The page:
Now that Facebook has hit the 300 million members mark and shown that its free service can rope in dough, we have to wonder what will happen to the social networking giant ten years down the road. Here are five possibilities for the future of Facebook.
Evolved Gaming Interactivity
Facebook has already embraced the allure of interactive gaming -- almost to the point of obnoxious saturation. (Honestly, do you really want to see one more Mob Wars update?) The gaming platform will likely evolve into a more graphics-heavy, MMO-type experience; a true utilization of Facebook's social networking abilities. Producers of increasingly popular and innovative Xbox Live games will be attracted to the possibilities of Facebook and integrate next-gen gaming with Facebook's currently staid collection.
More Aggressive Advertising
Facebook reached "cash flow positive" status through its advertising. Businesses and nobodies alike can purchase ad space to promote a cause, inflate specific profiles (become a fan of the shoe-throwing guy!), or sell products. The ads, as of now, are relatively non-intrusive -- unlike the eye-gouging visceral assaults found on rival MySpace -- but with a bit of greed, that minimalist approach could go the way of the dinosaurs. Shove a bucket of money underneath Zuckerberg's nose and you might find that Facebook's placid method of money-making may be more flexible than previously thought.
A Pointless Offshoot
Imagine a Facebook phone, a Facebook OS, or a Facebook retail store. Many products and companies, faced with a lack of imagination, rip off other ideas in order to enter fields of competition they had no business joining in the first place (Zune HD anyone?). This type of silly "evolution" generally strikes companies flush with cash -- which, given Facebook's newfound penchant for bundling dollars, could happen sooner rather than later -- and ends up costing a fortune, and, more importantly, a reputation.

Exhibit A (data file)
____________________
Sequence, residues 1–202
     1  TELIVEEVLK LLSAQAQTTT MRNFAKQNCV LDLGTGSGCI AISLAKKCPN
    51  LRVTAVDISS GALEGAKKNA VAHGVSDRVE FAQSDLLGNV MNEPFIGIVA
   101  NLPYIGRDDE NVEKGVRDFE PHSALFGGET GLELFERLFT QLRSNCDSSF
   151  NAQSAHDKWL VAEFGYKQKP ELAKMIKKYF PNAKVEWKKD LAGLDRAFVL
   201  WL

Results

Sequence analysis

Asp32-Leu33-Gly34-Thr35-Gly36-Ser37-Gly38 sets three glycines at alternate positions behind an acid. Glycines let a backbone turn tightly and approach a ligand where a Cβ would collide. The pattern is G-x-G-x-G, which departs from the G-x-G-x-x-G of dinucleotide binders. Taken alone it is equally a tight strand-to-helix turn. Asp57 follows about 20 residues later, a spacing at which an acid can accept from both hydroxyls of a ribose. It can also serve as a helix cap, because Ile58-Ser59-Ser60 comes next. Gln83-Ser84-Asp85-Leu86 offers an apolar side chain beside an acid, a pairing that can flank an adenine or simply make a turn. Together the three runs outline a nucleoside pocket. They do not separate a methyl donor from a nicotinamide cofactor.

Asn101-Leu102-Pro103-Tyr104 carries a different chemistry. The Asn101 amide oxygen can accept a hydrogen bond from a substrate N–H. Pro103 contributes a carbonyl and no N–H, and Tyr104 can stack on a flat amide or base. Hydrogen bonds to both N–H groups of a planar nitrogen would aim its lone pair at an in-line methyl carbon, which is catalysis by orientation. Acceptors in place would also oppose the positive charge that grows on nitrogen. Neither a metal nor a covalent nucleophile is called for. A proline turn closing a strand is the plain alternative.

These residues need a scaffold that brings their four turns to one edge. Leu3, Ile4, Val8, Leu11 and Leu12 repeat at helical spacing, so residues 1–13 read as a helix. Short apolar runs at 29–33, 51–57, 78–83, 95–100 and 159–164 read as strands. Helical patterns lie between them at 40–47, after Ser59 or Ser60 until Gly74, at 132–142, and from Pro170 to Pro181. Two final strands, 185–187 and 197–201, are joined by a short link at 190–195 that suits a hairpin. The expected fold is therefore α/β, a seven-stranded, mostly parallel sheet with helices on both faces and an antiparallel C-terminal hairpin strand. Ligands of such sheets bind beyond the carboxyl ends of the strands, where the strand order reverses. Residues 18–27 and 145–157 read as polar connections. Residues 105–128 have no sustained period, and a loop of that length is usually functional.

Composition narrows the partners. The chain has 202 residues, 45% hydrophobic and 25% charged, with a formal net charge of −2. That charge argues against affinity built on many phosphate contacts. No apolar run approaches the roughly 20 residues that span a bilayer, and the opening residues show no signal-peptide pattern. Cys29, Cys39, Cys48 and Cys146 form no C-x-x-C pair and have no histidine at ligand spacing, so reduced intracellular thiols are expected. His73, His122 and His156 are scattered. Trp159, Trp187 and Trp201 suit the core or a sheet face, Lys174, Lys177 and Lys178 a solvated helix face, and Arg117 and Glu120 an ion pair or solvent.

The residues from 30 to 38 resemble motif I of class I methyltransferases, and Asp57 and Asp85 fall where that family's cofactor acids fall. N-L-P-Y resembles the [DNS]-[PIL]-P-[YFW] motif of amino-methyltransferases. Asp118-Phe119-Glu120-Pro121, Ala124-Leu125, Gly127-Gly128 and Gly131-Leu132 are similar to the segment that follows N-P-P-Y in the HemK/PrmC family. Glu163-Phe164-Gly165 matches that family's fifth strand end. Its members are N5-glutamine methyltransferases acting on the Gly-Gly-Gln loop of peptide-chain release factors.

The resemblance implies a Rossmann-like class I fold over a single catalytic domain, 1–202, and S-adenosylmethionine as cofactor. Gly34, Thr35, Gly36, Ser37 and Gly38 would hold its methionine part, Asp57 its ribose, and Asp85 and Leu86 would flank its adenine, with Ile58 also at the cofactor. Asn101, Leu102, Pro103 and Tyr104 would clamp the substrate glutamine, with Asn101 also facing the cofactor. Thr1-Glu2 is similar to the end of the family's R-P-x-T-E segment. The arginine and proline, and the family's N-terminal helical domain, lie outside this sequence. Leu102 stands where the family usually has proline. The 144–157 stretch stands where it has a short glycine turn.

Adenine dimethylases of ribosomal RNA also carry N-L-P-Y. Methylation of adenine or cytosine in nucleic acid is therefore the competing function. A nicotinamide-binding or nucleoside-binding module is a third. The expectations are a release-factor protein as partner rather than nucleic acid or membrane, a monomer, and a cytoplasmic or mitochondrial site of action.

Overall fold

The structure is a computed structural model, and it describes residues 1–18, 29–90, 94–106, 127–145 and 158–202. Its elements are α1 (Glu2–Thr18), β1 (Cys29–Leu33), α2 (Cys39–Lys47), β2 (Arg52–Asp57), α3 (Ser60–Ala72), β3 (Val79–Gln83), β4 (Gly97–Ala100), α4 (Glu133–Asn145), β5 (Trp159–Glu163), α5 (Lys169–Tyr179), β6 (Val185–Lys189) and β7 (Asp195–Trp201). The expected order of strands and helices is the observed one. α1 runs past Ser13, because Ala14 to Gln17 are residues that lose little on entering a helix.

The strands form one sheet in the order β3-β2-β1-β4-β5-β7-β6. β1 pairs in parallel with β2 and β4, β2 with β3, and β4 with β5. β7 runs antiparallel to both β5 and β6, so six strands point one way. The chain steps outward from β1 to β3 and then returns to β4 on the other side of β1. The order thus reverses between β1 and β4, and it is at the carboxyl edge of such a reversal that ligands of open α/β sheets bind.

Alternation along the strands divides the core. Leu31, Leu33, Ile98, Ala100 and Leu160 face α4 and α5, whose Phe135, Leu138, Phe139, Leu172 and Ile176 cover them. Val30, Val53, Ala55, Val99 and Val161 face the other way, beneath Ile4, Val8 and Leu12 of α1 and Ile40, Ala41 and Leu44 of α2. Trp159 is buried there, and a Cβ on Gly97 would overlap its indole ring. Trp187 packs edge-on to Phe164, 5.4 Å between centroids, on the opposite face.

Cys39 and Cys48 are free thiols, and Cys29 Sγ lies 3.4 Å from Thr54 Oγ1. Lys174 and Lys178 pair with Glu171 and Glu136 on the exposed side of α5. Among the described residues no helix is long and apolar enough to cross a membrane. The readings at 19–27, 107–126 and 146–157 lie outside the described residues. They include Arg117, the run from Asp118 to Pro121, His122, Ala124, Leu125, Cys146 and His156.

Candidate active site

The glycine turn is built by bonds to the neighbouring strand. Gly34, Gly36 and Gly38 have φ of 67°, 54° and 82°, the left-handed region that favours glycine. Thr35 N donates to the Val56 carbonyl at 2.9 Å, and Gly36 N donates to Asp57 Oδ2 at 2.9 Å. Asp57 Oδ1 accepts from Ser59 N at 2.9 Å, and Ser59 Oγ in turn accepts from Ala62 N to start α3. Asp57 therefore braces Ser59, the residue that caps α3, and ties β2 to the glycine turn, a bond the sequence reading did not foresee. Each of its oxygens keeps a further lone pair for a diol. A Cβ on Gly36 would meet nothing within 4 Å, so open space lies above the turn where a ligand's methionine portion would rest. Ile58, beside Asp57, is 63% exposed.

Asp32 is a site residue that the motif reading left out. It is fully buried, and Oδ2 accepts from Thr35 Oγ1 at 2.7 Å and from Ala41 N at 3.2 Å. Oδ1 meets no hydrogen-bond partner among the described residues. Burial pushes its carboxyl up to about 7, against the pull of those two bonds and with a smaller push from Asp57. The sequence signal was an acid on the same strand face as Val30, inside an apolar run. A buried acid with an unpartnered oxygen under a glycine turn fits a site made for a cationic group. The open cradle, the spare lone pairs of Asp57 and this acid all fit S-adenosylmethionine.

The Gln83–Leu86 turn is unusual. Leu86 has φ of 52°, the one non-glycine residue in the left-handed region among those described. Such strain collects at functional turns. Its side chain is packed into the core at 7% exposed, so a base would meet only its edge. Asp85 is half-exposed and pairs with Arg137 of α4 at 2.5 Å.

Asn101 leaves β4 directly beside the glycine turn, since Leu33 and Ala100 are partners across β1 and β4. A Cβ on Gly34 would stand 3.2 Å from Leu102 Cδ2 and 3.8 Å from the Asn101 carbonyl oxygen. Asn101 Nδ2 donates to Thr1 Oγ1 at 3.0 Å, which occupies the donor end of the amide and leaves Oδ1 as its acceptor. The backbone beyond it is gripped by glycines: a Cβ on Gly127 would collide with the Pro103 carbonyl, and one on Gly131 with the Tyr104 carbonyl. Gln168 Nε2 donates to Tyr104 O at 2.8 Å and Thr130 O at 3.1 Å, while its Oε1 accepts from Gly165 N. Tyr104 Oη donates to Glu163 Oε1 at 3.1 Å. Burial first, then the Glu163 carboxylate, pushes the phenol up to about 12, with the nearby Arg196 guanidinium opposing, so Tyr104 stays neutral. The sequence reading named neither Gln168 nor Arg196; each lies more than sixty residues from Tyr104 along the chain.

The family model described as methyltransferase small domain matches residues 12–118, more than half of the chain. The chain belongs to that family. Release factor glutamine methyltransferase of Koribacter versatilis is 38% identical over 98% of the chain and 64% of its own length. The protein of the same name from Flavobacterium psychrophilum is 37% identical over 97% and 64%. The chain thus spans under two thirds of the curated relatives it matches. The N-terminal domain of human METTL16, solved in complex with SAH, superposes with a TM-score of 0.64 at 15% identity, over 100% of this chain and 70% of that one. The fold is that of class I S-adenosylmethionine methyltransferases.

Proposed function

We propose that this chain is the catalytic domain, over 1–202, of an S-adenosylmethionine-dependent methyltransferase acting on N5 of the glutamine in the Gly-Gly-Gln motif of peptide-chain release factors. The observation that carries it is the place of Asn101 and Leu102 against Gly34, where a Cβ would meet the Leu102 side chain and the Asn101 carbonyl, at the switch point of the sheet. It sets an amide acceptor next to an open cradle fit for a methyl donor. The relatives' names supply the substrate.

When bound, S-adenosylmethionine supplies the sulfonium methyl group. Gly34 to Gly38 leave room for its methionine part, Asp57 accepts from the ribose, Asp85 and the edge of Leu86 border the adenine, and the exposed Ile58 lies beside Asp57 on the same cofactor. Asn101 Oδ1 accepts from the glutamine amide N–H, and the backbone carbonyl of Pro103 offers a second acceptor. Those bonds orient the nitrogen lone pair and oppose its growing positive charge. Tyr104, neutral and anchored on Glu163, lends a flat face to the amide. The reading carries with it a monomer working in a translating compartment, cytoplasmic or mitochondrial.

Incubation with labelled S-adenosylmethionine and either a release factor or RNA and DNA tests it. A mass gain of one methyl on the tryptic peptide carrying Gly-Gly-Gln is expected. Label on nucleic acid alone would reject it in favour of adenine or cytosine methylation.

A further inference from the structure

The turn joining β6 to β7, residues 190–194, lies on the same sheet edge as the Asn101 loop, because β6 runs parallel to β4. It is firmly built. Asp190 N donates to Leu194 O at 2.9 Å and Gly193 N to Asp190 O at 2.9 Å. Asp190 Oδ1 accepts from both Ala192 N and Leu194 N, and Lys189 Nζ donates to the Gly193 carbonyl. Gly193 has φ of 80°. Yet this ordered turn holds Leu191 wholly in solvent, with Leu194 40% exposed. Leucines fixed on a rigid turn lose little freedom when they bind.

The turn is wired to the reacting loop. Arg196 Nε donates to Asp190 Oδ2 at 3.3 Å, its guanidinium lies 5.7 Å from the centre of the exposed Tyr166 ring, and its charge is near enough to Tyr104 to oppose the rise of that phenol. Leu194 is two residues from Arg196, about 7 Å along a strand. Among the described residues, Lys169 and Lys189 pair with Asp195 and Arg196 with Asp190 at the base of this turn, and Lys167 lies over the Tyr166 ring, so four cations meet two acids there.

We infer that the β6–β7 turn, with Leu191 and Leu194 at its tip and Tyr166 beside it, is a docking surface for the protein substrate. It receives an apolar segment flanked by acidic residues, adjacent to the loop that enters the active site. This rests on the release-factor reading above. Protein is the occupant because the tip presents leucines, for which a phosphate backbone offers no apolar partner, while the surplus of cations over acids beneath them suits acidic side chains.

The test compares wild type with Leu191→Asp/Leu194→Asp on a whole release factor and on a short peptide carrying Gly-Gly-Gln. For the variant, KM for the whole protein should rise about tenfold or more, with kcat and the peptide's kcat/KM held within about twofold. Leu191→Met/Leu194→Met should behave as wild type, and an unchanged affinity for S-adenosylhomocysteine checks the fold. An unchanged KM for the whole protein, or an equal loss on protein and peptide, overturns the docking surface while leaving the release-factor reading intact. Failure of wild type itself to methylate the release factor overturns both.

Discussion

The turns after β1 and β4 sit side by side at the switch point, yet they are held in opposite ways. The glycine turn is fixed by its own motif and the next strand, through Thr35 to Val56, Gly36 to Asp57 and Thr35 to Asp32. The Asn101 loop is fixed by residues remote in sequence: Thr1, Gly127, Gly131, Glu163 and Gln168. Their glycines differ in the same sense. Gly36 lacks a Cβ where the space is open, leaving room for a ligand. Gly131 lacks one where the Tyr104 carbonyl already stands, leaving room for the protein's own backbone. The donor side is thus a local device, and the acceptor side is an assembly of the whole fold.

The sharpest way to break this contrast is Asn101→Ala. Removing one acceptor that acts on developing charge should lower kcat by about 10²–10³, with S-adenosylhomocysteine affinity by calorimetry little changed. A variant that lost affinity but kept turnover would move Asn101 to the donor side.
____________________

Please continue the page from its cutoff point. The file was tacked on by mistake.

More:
A Busy Catch-All
Facebook does a great job streaming friend status and posted items such as videos and hilarious news articles (a recent item a friend posted about girls using Facebook instead of an emergency phone number struck me as culturally telling). Now imagine Facebook taking a Google approach to its site: aggregating news, managing calendars and documents and anything else it can possibly get its hands on. This, like the pointless offshoots and aggressive advertising, would compromise the initial philosophy behind the site, damage Facebook's overall reputation, and inch it closer to the grave.
A Brick Wall
Social networking will eventually plateau, skid, and fall off a cliff. Users will abandon ship, just as they did with MySpace, tired of scanning pointless Twitter-like status updates, step-by-step progress through silly games, and pictures of vacations you will never, ever take. Without a great deal of innovation and progressive thought, Facebook could find itself staring at a brick wall with no direction home to the simple glory days before 300 million turned into 600 million.